I've lived with a copy of this album for quite a few weeks now and I will admit that it is a slow-burner, but in its own gentle way the tunes creep up on you and get under your skin.
Some of you may know Geoff Farina from his 14 years leading Boston band Karate, or as part of the duo Secret Stars, or more recently from his folk based collaborative albums with Chris Brokaw (Come, Codeine, Consonant).
The Wishes of the Dead is his first outright solo album for 10 years, and is closer in sound to those Brokaw albums than anything else he has been involved with. In fact, three of the songs are slight reversions of songs that appeared on Farina and Brokaw's 2010 album The Boarder's Door.
The entire album is an acoustic performance from Geoff Farina, who shows his skills as both a songwriter and a guitarist. He is a musical historian and,as such, he has studied and regularly performed the music of guitarists such as Blind Arthur Blake, Elizabeth Cotton, and Mississippi John Hurt amongst many others. The music on this album will come as less of a surprise to Karate fans when you understand that.
Happily this isn't some obscure acoustic folk record aimed at the purists. Instead it is a collection of very fine songs that would appeal to fans of acoustic Bob Dylan and Elliott Smith.
Opening song Prick Up Your Ears sets an inviting tone, with light, deft guitar lines carrying an infectiously catchy tune.
Prelapsarian is one of the older songs, it is more downbeat and strangely poetic as it observes a life of drug addiction.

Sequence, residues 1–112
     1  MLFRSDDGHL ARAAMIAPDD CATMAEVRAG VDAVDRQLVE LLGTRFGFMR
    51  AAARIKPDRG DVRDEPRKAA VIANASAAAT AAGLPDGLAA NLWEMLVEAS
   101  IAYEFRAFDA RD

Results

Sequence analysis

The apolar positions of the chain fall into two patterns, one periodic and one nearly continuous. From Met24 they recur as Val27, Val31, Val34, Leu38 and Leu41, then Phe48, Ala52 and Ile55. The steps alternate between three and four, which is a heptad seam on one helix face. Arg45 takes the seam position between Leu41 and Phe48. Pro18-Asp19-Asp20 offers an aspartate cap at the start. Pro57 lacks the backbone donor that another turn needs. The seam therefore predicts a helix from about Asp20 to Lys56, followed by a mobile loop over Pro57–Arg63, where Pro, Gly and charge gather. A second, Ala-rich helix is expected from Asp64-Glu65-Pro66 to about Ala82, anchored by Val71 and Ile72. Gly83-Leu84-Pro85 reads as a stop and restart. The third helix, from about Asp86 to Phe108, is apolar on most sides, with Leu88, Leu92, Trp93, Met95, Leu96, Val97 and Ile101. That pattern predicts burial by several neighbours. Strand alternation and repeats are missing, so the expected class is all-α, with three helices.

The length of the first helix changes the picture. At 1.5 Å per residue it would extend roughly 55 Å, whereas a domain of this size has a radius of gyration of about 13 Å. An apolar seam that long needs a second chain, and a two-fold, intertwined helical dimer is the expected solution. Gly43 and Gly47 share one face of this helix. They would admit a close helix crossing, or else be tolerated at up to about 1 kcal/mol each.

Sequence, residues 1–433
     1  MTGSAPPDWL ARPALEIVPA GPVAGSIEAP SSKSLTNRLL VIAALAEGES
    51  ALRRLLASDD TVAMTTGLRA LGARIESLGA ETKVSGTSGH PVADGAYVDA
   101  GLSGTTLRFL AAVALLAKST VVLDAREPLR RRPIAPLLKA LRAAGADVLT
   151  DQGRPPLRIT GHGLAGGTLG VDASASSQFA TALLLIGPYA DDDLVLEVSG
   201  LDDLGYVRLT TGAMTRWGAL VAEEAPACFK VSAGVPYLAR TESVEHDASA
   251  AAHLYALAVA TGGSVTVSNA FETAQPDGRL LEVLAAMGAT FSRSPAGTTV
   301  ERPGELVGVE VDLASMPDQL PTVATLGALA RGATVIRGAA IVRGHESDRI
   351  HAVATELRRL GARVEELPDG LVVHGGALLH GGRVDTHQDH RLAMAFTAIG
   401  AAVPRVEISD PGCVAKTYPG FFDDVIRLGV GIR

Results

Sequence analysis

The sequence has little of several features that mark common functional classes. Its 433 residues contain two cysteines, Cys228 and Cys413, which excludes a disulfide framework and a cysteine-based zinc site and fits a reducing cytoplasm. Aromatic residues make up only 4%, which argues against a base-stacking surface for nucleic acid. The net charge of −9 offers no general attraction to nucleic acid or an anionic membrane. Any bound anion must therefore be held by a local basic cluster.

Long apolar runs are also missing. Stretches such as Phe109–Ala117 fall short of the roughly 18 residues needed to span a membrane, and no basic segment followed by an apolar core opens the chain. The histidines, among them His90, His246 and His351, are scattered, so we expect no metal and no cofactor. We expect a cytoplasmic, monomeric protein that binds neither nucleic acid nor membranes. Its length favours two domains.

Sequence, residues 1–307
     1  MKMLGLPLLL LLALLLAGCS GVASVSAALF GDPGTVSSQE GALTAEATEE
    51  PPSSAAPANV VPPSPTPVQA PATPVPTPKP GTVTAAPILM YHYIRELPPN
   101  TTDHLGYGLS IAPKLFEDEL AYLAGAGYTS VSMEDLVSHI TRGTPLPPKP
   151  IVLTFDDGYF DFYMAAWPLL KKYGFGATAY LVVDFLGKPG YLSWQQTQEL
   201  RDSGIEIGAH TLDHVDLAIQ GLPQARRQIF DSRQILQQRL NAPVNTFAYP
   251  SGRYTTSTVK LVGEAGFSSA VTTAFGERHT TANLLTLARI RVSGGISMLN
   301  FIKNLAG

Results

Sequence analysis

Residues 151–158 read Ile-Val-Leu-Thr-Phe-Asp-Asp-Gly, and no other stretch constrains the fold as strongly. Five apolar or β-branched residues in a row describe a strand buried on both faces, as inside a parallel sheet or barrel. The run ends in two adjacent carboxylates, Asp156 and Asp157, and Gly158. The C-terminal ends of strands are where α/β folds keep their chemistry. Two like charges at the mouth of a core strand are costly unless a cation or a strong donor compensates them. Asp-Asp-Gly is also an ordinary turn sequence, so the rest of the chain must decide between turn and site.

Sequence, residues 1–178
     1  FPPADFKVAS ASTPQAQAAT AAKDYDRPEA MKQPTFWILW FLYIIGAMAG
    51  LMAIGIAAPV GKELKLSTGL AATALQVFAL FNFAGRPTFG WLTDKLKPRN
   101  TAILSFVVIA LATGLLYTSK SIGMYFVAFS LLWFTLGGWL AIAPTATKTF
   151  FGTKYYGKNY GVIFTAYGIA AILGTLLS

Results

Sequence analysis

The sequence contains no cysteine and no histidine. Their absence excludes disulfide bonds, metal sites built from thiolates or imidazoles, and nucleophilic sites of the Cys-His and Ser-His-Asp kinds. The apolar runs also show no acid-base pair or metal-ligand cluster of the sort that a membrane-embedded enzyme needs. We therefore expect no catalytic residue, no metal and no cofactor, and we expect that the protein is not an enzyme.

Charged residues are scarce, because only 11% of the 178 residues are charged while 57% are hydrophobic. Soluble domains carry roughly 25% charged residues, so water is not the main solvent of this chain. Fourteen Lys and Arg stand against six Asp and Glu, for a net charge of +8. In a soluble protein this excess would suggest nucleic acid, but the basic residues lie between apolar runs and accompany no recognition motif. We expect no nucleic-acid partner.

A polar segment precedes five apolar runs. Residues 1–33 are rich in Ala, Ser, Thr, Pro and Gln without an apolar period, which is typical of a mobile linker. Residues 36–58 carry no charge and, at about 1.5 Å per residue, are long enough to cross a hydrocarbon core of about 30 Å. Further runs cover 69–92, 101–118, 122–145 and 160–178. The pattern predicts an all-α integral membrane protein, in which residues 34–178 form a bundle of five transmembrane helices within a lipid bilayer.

Hammer and Spade, which I keep calling the Wishes of the Dead because of the lyric that gave the album its title, is another great song with a singalong refrain and a little guitar run straight out of the history book.
Scotch Snaps takes the interest in older instruments even further, as it is actually a song about playing antique instruments and passing on songs through tradition. "can you show me just how to play the snaps on that old Strathspey, cos when I do it, it doesn't sound that way"
While that is a personal song about his musical interests, Twilit paints a picture of domestic drama. There's even a burst of electric guitar on this, which somehow makes the tale more modern.
Evergreen is more a folk ballad with soft finger picking and lyrics that tell of a trip to somewhere cold.
Both Stems and Semantics have more modern playing inflections and hint at a connection between the post-rock of Karate and the more trad influences.
The Dove and the Lamb is another tune dating from the Farina/ Brokaw album and it is complex yet melodic and almost hints at ragtime in places.
Ultimately The Wishes of the Dead works as both a fine collection of contemporary songs and a homage to legendary folk guitarists. The fact that it may make post-rock fans check out the recordings of Blind Willie Johnson or the Rev Gary Davis is an added bonus.
The Wishes of the Dead is out today on Damnably records in the UK. We will be publishing an interview with Geoff Farina later this week.